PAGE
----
I came across this week’s poem – “Café San Martín” by Agustín Cadena – while reading through the anthology Goodbye Mexico: Poems of Remembrance. I find in the lyric a subtly profound meditation on the past, or rather the past we live with in our memories which is always juxtaposed against the ever-changing the present.
This being the first week of June, I thought this an apt piece to share. In the poem, it is always June. The speaker’s address is one of emphasis: the name of a cafe no longer there is repeated until everywhere there are cafes. The moment the poem wins me over is when the speaker’s shoes fill with water, as if the rain were a memory seeking him out.
Café San Martín – Agustín Cadena*
Do you remember the Café San Martín?
I do, sometimes,
when it rains in the afternoon and it’s summer.
We liked to go there and drink coffee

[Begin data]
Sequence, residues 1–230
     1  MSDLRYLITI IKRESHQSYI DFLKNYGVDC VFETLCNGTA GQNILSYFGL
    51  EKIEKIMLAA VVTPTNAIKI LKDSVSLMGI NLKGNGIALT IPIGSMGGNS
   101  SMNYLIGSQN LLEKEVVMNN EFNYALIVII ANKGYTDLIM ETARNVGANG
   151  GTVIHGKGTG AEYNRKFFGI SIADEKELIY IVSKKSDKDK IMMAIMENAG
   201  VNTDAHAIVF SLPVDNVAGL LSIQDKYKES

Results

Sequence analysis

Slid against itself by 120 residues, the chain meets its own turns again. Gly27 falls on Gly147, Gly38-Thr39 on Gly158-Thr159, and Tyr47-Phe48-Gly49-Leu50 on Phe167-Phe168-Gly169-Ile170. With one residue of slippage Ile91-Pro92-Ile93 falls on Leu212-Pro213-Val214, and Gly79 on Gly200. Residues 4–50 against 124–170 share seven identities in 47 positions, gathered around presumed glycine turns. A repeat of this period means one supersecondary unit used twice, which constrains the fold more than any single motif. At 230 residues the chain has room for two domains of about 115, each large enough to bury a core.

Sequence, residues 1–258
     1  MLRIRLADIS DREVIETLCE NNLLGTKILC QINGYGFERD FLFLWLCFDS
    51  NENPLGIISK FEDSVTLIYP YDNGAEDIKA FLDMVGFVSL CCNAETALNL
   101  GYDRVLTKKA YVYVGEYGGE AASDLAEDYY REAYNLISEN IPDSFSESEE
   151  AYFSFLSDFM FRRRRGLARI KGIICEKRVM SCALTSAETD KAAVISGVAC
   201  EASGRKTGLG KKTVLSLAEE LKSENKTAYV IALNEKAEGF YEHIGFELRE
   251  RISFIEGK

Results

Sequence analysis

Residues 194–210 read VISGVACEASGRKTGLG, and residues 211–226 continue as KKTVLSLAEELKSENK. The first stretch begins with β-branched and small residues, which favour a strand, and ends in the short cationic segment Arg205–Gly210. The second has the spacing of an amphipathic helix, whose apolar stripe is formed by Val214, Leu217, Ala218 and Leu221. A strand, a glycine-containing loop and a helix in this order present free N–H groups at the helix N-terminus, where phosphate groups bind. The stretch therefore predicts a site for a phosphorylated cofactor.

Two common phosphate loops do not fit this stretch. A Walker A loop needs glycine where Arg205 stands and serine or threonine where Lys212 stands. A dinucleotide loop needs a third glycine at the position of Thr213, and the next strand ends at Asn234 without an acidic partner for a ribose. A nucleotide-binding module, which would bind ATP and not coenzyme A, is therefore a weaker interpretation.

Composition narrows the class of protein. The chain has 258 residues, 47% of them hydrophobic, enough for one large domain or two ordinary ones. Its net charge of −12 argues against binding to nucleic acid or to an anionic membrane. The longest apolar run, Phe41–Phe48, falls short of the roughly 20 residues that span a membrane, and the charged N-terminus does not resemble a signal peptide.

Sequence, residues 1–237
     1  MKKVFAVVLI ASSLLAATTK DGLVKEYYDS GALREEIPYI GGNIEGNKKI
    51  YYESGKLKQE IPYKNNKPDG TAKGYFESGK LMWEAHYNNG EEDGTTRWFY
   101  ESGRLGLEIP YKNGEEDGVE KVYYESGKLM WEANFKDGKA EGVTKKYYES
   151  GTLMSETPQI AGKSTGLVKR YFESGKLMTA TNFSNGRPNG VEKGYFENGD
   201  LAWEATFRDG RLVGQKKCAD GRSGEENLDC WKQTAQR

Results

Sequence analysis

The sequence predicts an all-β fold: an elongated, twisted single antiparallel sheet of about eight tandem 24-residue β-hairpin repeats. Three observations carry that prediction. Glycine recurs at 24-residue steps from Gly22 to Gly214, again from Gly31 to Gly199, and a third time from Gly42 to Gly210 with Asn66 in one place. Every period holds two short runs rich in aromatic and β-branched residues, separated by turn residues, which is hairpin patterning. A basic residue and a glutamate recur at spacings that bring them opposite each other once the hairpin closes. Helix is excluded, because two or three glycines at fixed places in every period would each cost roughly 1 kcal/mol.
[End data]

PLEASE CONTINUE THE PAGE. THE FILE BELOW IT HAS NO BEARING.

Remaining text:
and smoke while we looked at the rain.
The Café San Martín was small,
lukewarm, and it had big windows
that looked onto a meridian of June.
But it is no longer there.
Now on that corner where it was
they sell video games.
Have you tried to go back?
Have you walked in the rain, alone,
remembering the girl you were
and asking yourself where would these people have gone,
with their pink curtains and old spoons
and their Café San Martín?
Yes, I have wanted to go back,
when I happen to think of you,
when my shoes fill with water
and I wish I were that age again
and not so foolish
as to let go of your hand that afternoon.
Once again it is June and raining.
Everywhere there are cafés
in certain neighborhoods.
The present erases all traces.
*translated by C. M. Mayo
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